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Magnetotelluric investigations of the Tamar lineament

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Hermanto, MR (1992) Magnetotelluric investigations of the Tamar lineament. PhD thesis, University of Tasmania.

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Abstract

Magnetotelluric experiments were carried out in the Tamar lineament
area of northern and central Tasmania to study subsurface electrical structure.
These experiments have defined a high conductivity anomaly in the upper-middle
crustal depth range and confirmed the presence of the anomaly suggested by
previous authors (Buyung, 1980; Sayers, 1984; Hermanto, 1985; Parkinson,
1988).
Other geophysical techniques such as de-resistivity, SIROTEM and
two-dimensional gravity and magnetic modelling were also used. Results from
these studies and other geophysical studies such as the seismic studies of
Richardson (1985) and Vitesnik (1984) make a significant contribution to a
better understanding of the shallow structure, nature, tectonic history and, most
importantly, the setting of the conductivity anomaly.
The measured apparent resistivities are interpreted in terms of
inhomogeneous electrical structure using one- and two-dimensional modelling
indicating that the top of the high conductivity anomaly is located about 500 to
700 metres from the surface. This is about the level of the basal Permian cover
unconformity. The resisitivity of the anomaly ranges from 1 to 8 Ohm.m with a
thickness of 13.3 to 16.3 kilometres. The shape and position of the anomaly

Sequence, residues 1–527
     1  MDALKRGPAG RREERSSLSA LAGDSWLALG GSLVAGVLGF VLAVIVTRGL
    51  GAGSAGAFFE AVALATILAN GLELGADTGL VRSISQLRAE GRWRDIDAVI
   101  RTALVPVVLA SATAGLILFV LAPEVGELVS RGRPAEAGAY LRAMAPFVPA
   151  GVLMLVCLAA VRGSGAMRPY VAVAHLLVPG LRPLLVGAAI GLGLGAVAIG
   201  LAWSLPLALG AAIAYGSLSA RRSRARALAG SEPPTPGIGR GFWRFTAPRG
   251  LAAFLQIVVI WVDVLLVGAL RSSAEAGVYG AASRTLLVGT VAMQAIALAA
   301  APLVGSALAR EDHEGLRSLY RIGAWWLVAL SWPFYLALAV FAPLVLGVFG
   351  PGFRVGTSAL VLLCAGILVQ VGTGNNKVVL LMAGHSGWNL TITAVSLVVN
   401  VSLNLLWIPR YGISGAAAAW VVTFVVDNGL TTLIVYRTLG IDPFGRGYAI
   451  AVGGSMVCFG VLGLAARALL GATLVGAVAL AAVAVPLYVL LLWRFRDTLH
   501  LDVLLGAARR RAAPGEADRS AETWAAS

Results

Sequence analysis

which tapers with depth is consistent with the results suggested by the current
density and two-dimensional gravity and magnetic modelling. The gravity and
magnetic data indicate large fault or thrust bounded blocks of Lower Palaeozoic
and Upper Precambrian rocks underlie the Permian cover. The gravity and magnetic
models also show that the more magnetic Cambrian volcanic sequences, may
account for the upper part (at least 5 kilometres) of the anomaly. The deeper part
of the conductive structure underlies the more magnetic part of the Cambrian
volcanics. This suggests that the formation of the volcanic piles may be associated
with high conductivities deeper in the crust. It seems likely that the boundaries of
the conductive block are marked by tectonic slices of ultramafics. The conductive
anomaly does not extend west beyond the Tiers Fault which marks a fundamental
structural limit affecting rocks from Cambrian to Tertiary in age. This zone is
marked by a strong gravity gradient which extends SSE from Devonport to
Sorell across central Tasmania. No such feature occurs along the line of the
Tamar River or the Tamar Lineament of previous authors. The most likely cause of the high conductivity anomaly is a combination
of the presence of high conducting fluids and graphite in pores, cracks, and or
fractured rocks which provide a continuous conducting path. Geological and
geophysical evidence showing a considerable tectonic histo:ry in this region support
abnormal porosity and extensive fracturing of the deep crust providing an
environment for deep fluid circulation and graphite precipitation. Black shales
and sheared carbonates are to be expected in the Precambrian rocks implied to be
present. The velocity-resistivity relation suggests that a resistivity as low as 2
Ohm.m may be obtained from the Tasmanian crust where the velocity is about
5.8 to 6.0 km s-1. This is comparable with the resistivity associated with the
high conductivity anomaly.

Item Type: Thesis (PhD)
Keywords: Earth currents, Earth resistance, Geomagnetism
Copyright Holders: The Author
Copyright Information:

Copyright 1992 the Author - The University is continuing to endeavour to trace the copyright owner(s) and in the meantime this item has been reproduced here in good faith. We would be pleased to hear from the copyright owner(s).

Additional Information:

Thesis (Ph.D.)--University of Tasmania, 1994. Includes bibliographical reerences (p. 130-140)

Date Deposited: 19 Dec 2014 02:28
Last Modified: 11 Mar 2016 05:55
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